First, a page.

Predictive validity of the Glasgow Blatchford Bleeding Score in an unselected emergency department population in continental Europe

Mart Schiefer, Michel Aquarius, Pieter Leffers, Patricia Stassen, Cees van Deursen, Liekele Oostenbrug, Loes Jansen, Ad Masclee, Yolande C Keulemans
European Journal of Gastroenterology & Hepatology 2012, 24 (4): 382-7

BACKGROUND AND AIM: Glasgow Blatchford Bleeding Score stratifies patients presenting with acute upper gastrointestinal haemorrhage at the emergency department according to the likelihood of the need for treatment. The objective of this study was to validate the Glasgow Blatchford Bleeding Score for use in an emergency department in the Netherlands. Furthermore, we assessed its clinical usefulness for safe discharge of low-risk acute upper gastrointestinal haemorrhage patients and compared its test validity to that of other scoring systems.

METHODS: This multicentre historic cohort study was conducted in two hospitals in the Netherlands. All 478 patients presenting with a suspicion of acute upper gastrointestinal haemorrhage at our emergency departments during a 1-year period were included. For each patient we calculated Glasgow Blatchford Bleeding Score and other commonly used scores. Test validity was assessed using the receiver operated characteristics curve analysis; calibration plots were used to assess the probability of the need for treatment of different levels of the scores.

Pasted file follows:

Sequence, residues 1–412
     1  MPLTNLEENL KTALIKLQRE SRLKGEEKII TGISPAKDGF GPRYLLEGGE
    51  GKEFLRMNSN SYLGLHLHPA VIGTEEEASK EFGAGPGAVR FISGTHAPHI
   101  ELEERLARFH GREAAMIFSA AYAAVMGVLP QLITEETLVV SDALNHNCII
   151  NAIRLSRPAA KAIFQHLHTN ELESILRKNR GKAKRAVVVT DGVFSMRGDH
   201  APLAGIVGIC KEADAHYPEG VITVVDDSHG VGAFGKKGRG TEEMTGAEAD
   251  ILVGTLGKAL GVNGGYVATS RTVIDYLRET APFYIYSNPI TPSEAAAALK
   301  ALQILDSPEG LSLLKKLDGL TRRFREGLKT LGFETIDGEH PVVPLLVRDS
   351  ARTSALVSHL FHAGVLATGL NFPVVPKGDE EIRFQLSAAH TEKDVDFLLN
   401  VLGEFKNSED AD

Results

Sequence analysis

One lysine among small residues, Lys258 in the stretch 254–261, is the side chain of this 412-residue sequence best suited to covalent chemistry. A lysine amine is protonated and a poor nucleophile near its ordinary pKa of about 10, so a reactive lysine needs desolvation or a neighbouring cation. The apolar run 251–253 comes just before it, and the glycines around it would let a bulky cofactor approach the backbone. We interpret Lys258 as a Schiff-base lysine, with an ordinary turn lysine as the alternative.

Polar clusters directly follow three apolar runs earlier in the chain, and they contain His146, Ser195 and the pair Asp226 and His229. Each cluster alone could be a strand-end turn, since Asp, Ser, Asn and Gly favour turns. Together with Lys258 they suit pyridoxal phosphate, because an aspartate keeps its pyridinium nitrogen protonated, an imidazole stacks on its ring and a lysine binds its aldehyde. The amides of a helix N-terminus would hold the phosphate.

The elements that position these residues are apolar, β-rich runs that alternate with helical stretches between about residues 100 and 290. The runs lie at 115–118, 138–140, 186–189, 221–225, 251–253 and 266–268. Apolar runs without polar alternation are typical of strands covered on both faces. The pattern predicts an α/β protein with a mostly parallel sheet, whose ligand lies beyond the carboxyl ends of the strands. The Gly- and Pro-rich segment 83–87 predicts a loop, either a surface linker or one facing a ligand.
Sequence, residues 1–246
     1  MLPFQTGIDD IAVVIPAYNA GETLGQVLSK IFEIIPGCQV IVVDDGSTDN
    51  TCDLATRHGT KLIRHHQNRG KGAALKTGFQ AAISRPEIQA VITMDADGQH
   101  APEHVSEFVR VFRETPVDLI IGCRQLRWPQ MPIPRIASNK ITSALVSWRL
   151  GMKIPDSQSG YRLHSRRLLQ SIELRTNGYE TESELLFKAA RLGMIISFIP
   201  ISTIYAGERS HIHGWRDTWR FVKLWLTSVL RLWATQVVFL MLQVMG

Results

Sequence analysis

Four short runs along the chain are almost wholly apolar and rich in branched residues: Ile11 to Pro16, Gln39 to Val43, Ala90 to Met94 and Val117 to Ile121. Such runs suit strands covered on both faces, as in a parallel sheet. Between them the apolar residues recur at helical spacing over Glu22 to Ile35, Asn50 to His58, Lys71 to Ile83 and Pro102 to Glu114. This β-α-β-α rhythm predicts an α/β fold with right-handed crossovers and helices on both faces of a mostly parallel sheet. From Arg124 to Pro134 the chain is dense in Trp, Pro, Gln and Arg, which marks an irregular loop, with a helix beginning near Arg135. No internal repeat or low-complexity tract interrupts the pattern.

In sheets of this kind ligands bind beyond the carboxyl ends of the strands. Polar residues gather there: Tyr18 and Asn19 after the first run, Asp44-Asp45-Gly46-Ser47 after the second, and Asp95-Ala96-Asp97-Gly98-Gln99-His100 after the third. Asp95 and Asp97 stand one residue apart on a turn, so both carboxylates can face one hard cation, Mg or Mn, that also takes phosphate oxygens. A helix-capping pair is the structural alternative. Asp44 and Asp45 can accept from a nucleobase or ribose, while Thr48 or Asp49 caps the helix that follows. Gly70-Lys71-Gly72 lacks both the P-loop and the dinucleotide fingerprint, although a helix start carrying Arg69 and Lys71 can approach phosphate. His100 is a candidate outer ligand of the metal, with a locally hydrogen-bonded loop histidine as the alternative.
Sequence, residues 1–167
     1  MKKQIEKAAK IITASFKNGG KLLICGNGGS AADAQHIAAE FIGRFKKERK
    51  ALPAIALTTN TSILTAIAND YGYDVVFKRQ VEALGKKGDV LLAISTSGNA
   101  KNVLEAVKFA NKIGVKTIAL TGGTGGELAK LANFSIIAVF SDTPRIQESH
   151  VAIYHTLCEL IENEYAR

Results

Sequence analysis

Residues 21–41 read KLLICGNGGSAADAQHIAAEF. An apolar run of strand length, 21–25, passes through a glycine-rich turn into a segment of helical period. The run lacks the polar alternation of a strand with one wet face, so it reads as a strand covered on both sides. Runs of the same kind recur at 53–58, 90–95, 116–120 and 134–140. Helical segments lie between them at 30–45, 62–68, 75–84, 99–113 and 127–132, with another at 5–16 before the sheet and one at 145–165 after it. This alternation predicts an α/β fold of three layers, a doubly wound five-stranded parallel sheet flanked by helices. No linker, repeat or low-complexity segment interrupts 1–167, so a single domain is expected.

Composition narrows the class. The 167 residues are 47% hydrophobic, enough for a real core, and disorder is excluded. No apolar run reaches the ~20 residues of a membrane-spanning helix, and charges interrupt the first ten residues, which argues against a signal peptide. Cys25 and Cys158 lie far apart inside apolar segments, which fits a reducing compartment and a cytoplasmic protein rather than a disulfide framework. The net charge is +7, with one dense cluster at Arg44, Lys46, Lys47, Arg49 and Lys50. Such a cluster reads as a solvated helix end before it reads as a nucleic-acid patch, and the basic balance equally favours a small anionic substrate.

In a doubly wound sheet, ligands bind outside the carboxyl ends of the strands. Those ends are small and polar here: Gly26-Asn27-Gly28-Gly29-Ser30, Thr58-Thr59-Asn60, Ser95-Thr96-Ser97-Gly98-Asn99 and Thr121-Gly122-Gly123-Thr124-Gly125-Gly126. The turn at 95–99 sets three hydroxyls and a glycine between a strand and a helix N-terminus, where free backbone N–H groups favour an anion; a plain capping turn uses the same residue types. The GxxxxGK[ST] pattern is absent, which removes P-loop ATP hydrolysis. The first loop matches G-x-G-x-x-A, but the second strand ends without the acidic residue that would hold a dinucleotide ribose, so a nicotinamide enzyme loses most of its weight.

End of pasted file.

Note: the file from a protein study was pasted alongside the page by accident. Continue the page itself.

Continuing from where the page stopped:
RESULTS: Glasgow Blatchford Bleeding Score had a good discriminative ability in predicting the need for treatment, receiver operated characteristics curve analysis showed an area under the curve of 0.879. Counting a score of 2 or less as low risk (negative), 104 patients (21.7%) were classified as low-risk, with a negative predictive value of 98.1%. These results were superior to those of the other scoring systems.

CONCLUSION: Patients presenting at an emergency department in continental Europe with acute upper gastrointestinal haemorrhage and a Glasgow Blatchford Bleeding Score of 2 or less can be safely discharged. The Glasgow Blatchford Bleeding Score performed better than the other commonly used scoring systems.

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